FSC & Fair Trade Labels Under Fire: New Report Says Ethical Certifications May Be Hiding Human Rights Abuses

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A new report conducted by human rights organisation MSI Integrity reveals that ethical labelling and certification schemes may be concealing potential human rights abuses and enable governments to continue to ignore these disreputable business practices. Among some of the labels that the report pointed out include Fairtrade International and the Forestry Stewardship Council (FSC), which has been supported by some of the biggest brands in the world, including Nestlé, Coca-Cola and Apple. 

Titled Not Fit for Purpose, the report draws on a decade of research into 40 multi-stakeholder initiatives (MSIs), which have grown popular as a voluntary response from global corporations after widespread criticism over violations across their supply chains. According to the research, many of these certifications, including those that feature on front-of-pack labelling schemes, are failing to hold companies accountable for their ethical conduct. 

Shockingly, almost a third of the MSIs examined in the study did not have any grievance mechanisms for workers to report abuses or complaints, and of those that did, the standards were not transparent, accessible or equitable as according to the United Nations’ guiding principles on business and human rights. 

Read: Is your Starbucks coffee supplied by child labour? 

Among some of the most well-known MSIs include the FSC, Rainforest Alliance and Fairtrade International, which have been embraced by multinationals such as Nike, Coca-Cola, Shell, Nestlé and Apple. 

Over 10,000 participating companies in 40 MSIs across 170 countries were sampled for the report, comprising a huge range of sectors, including the sugar, palm oil, minerals, seafood, electronics, cocoa and jewellery industries.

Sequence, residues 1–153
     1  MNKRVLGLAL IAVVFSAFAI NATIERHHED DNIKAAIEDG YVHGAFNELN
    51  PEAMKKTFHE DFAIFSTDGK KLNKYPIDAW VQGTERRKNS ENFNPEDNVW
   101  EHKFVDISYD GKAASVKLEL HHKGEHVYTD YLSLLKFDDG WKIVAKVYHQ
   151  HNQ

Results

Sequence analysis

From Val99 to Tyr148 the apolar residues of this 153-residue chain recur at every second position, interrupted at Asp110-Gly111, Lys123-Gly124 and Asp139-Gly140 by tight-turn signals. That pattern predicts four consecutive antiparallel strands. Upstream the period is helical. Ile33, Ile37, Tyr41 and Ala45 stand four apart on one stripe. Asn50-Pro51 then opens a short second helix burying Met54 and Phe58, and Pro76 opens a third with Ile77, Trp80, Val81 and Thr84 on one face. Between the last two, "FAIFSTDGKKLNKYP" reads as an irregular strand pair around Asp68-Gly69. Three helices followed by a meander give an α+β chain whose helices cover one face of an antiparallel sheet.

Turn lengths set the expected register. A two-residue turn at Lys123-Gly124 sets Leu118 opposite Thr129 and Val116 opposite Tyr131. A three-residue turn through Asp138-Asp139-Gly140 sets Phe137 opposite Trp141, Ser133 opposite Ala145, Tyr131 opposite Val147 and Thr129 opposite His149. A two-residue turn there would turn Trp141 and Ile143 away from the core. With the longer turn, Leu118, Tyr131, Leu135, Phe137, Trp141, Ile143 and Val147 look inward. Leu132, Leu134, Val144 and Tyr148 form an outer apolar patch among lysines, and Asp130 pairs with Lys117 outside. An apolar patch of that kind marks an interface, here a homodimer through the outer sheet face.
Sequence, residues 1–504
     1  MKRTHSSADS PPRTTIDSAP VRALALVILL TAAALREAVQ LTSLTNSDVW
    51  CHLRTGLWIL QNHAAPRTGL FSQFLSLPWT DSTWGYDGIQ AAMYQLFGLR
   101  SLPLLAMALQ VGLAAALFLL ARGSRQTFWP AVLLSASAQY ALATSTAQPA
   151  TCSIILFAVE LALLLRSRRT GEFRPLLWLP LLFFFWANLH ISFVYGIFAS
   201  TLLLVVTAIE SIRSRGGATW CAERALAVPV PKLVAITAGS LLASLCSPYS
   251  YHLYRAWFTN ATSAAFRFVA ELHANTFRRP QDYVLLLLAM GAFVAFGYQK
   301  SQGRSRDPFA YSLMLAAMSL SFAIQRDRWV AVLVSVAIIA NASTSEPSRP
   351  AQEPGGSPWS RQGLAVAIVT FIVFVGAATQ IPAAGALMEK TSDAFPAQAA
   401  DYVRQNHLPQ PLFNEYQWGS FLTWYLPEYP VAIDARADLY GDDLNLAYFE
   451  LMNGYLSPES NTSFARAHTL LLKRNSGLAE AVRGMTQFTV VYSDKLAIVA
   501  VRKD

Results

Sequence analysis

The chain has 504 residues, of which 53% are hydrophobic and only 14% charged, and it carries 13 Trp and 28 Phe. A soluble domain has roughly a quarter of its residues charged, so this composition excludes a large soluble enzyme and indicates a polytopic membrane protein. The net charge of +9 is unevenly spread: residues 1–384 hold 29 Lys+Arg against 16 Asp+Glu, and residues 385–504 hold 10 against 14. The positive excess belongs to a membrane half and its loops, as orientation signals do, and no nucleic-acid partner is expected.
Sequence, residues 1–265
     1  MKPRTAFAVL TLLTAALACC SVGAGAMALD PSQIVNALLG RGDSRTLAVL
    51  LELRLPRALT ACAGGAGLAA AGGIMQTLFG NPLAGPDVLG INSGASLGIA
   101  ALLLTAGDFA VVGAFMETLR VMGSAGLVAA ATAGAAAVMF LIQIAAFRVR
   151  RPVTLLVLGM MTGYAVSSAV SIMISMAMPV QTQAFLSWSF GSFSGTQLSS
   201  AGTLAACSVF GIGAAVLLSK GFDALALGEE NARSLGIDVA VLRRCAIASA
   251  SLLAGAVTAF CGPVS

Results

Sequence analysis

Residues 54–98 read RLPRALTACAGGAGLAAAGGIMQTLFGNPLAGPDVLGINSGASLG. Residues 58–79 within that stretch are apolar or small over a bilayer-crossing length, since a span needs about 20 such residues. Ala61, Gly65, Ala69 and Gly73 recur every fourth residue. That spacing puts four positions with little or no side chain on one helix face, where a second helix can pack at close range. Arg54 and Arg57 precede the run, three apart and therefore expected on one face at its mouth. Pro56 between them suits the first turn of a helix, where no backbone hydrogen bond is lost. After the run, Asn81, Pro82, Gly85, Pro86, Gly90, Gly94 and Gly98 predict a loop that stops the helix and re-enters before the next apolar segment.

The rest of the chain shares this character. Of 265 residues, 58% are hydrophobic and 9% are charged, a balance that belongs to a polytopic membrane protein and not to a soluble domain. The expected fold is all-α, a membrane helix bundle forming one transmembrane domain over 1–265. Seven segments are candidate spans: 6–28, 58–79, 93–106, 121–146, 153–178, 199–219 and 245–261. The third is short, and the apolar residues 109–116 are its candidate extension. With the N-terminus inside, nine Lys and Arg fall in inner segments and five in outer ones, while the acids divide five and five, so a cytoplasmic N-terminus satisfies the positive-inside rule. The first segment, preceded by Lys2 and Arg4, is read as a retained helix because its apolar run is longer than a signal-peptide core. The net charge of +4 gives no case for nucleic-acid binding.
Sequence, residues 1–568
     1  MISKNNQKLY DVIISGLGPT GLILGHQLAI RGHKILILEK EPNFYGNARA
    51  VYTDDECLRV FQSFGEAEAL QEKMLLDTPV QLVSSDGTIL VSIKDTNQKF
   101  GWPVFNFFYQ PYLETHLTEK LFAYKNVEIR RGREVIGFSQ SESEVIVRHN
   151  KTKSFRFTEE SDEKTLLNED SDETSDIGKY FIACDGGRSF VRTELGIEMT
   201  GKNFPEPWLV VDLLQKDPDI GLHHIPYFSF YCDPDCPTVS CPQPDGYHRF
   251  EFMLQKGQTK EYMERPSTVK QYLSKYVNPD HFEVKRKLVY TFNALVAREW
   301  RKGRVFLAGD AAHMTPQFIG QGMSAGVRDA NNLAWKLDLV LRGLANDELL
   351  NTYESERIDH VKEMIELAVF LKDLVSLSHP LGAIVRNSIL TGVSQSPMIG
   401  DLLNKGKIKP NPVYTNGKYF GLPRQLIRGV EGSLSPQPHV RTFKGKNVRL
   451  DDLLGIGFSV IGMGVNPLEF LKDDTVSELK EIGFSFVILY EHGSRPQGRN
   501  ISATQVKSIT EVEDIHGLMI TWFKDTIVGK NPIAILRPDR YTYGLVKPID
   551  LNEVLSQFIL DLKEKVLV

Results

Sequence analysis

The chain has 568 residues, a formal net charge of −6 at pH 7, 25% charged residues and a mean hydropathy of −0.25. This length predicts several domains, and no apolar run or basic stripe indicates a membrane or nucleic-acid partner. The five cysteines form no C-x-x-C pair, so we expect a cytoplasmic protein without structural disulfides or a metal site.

In addition to failing to detect abuses, MSI Integrity analysts found that most initiatives tend to be top-down approaches and disproportionately biased in favour of corporate interests. Only 12.5% of the MSIs in the sample examined affected populations in their governing bodies and measurements, and none of them had a majority of rights holders members in their boards.  

Read: Your favourite chocolate bar is fuelling deforestation in Indonesia despite “sustainability facade”

“As long as company decisions continue to be made by managers or board members who are divorced from experiences on the ground, and who are legally obligated to prioritize the interests and profits of shareholders, businesses will continue to run the unacceptable risk of making decisions that harm people and the planet,” said Amelia Evans, executive director of MSI Integrity. 

MSI Integrity therefore argues that future human rights interventions and campaigns must place rights holders – workers, communities and the individuals that are directly affected by the business in question – at the core of the solutions that are supposed to protect them. 

“It is time to reimagine the corporate structure, and to demand business models that center workers and communities in their ownership and governance,” added Evans.

Given their findings, MSI Integrity also warned consumers that they should not rely on claims made by ethical labels or certifications suggesting that products may be “fair” or “sustainable”, as they may be masking ongoing abuses occurring across the supply chain.  

Lead image courtesy of Co-op. 


  • Sally Ho

    Sally Ho is Green Queen's former resident writer and lead reporter. Passionate about the environment, social issues and health, she is always looking into the latest climate stories in Hong Kong and beyond. A long-time vegan, she also hopes to promote healthy and plant-based lifestyle choices in Asia. Sally has a background in Politics and International Relations from her studies at the London School of Economics and Political Science.

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